Left Hand of Darkness

By Ursula LeGuin
  • Fantasy
  • Science Fiction

When "The Left Hand of Darkness" was published in 1969 it was a pioneering work of feminist science fiction, a radical exploration of identity and sexuality. Set in the far distant future, in Le Guin’s fictional Hannish universe which features in much of her fiction, it explores the struggles of Genly Ai, an envoy sent by the Ekumen, an interplanetary federation of planets, as he attempts to complete his mission on the planet Gethen (Winter). He is tasked with getting Gethen to join the Ekumen but is frustrated by his inability to understand shifgrethor, a sophisticated code of conduct behind which the planet’s inhabitants save face, and their androgyny. Gethenians are sexually latent for twenty- four days of a twenty- six lunar cycle, only becoming sexual once during that period, a time called kemmer when they adopt the characteristics of either sex. This biological fact has a profound bearing on both the social and religious beliefs of Gethen, a fact which takes Genly much of the novel to fully understand. The planet is dominated by two great powers, the kingdom of Karhide, ruled by a mad king, Argaven Harde, and Orgoreyn, ruled by thirty-three Commensals or counsellors, but in fact really dominated by the Sarf, its secret police. One of the few people on Gethen prepared to help Genly is Estraven, the Prime Minister of Karhide who works hard to get him an audience with the King. Genly eventually gets to meet the King only to have his mission rejected and to then learn that Estraven has fallen from power. He then explores Karhide in the spring, learning more of its religion, Handdara and then attempts to try his luck in Orgoreyn. Initially accepted by a faction of politicians anxious to improve their relations with their neighbour Karhide and intrigued by the possibility of an interplanetary alliance, Genly is then abandoned by them and sent to a prison camp. In the meantime, Estraven has slipped into Orgoreyn and learning of Genly’s fate, rescues him from the camp. In their trek across an ice sheet, dominated by volcanoes, both Estraven and Genly finally come to understand each other. This bare summary above hardly does justice to a novel in which Le Guin, the daughter of an anthropologist, drew on her wide reading to create an imaginary world as fully realised as Tolkien’s Middle Earth and Frank Herbert’s Dune. For example, the religion of Karhide, Handdara is a beautifully realised synthesis of Taoism and Buddhism. Indeed, Le Guin was later to go on to produce an acclaimed version of the Taoist classic, the Tao Te Ching. Taoism with its celebration of complimentary contrasts, such as light and dark and masculine and feminine dominates this and much of the rest of her work. The title of the work comes from the first line of a traditional song from Gethen:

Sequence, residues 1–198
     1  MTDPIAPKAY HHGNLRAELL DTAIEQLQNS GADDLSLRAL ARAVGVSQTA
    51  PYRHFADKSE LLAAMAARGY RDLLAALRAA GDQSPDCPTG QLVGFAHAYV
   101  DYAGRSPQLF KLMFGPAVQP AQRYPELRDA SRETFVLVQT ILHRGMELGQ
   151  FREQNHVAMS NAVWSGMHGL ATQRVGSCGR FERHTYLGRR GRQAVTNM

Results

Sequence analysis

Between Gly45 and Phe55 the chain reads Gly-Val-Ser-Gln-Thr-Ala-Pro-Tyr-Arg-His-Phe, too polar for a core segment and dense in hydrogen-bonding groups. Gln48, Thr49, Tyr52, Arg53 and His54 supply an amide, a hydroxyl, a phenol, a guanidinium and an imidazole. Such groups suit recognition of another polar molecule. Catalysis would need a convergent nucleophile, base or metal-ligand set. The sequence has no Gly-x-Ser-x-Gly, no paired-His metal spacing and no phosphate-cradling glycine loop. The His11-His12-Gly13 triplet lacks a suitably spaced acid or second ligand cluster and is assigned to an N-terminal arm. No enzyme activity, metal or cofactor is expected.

Light is the left hand of darkness

and darkness the right hand of light.

Two are one, life and death, lying

together like lovers in kemmer,

like hands joined together.

like the end of day.

"The Left Hand of Darkness" like the best of science fiction uses imagined worlds to examine issues important in the author’s own time and society. The issues of identity, sexuality, religious belief and political freedom that she explored in this work are as relevant now as in 1969, perhaps even more so.

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